What is an example of metaphor in section seven of Night?
In section seven, Elie and his father are on their way from Gleiwitz to Buchenwald. Death is all around him as the forced march from Buna to Gleiwitz has taken a heavy toll on the Jews. They have been crowded onto train cars in the bitter cold of winter. In the first paragraph of the section Elie uses a metaphor comparing his brain to a rushing whirlpool where all of the memories of his past life are wasting away. At this point, he is thinking of death and the apathy that surrounds it. He also uses the extended metaphor of night to describe the experience of the concentration camps:
Pressed up against the others in an effort to keep out the cold, head empty and heavy at the same time, brain a whirlpool of decaying memories. Indifference deadened the spirit. Here or elsewhere—what difference did it make? To die today, tomorrow, or later? The night was long and never ending.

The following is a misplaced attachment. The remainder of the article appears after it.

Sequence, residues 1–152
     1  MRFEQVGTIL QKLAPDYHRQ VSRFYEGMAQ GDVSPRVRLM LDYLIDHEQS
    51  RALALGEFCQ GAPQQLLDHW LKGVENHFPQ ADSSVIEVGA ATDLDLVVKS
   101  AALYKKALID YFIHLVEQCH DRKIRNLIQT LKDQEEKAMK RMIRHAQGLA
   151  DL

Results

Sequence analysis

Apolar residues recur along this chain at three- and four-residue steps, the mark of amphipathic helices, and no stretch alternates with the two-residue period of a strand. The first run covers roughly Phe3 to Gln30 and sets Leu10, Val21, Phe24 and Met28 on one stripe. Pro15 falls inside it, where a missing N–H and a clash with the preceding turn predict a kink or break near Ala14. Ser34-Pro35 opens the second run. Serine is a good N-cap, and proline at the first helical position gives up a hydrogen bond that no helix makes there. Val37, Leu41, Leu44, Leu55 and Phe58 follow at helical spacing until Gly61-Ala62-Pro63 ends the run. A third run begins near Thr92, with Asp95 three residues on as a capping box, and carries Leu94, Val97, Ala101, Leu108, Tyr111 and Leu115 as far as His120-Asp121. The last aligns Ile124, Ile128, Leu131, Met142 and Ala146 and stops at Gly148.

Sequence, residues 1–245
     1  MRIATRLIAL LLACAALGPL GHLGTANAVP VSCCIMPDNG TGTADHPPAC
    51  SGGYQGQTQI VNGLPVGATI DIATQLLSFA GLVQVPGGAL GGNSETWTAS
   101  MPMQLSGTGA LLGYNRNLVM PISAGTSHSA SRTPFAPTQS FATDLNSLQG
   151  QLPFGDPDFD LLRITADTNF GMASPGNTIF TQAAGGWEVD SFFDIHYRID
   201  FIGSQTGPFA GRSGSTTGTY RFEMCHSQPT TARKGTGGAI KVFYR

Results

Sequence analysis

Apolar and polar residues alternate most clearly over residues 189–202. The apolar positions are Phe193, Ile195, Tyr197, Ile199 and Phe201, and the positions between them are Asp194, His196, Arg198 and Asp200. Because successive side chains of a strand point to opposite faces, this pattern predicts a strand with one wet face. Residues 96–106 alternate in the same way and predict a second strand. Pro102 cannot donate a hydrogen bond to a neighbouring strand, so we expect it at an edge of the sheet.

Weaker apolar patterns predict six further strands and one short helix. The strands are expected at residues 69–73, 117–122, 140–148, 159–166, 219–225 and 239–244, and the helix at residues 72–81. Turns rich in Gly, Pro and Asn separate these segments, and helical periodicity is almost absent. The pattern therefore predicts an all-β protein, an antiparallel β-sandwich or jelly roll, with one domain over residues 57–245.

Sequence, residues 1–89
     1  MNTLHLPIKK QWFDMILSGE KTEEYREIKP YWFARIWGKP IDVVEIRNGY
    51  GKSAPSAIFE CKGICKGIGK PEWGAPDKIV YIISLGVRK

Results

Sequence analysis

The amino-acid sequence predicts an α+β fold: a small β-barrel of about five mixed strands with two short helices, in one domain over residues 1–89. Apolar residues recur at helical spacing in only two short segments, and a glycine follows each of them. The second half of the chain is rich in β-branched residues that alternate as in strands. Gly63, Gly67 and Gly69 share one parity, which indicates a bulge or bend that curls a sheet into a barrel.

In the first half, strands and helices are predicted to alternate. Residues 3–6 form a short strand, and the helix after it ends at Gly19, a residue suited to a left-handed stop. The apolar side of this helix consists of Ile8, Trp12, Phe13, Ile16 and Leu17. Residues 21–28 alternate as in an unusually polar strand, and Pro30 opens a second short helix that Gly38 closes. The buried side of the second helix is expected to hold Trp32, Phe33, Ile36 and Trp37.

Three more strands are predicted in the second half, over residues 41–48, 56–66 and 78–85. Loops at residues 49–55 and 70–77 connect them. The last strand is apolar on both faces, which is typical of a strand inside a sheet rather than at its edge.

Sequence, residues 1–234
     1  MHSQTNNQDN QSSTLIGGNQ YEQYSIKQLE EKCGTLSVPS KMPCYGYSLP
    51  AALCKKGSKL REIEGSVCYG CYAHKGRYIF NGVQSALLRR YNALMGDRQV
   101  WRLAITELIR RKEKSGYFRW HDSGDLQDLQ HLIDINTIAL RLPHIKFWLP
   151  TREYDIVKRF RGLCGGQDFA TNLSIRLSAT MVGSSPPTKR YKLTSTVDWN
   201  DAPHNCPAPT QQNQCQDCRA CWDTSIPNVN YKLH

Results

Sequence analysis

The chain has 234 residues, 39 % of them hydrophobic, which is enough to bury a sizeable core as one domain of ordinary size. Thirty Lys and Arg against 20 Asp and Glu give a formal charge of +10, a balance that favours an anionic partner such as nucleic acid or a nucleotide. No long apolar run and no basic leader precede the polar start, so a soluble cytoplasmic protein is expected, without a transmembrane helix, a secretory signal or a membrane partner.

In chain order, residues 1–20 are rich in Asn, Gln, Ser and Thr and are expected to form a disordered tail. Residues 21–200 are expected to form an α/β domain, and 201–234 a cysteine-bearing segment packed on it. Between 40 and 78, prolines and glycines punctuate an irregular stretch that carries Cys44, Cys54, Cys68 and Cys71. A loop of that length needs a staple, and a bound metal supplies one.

In the next paragraph, Elie uses a simile to describe a pile of dead bodies. It is a scene reminiscent of those captured over and over on the films that were taken after the liberation of the camps in 1945. Bodies stacked on top of bodies. Elie fittingly compares them to tombstones:
When at last a gray glimmer of light appeared on the horizon, it revealed a tangle of human shapes, heads sunk upon shoulders, crouched, piled one of top of the other, like a field of dust-covered tombstones in the first light of dawn.
A little later in the section Elie writes about passing through the German towns and the workers coming out and throwing pieces of bread into the train cars of the starving men. The men become savages, killing their neighbor just for a crust of bread. Elie compares these men to animals:
Men threw themselves on top of each other, stamping on each other, tearing at each other, biting each other. Wild beasts of prey, with animal hatred in their eyes, an extraordinary vitality had seized them, sharpening their teeth and nails.
All the while, Elie reports that the German workmen looked on with curiosity and interest at "these skeletons of men."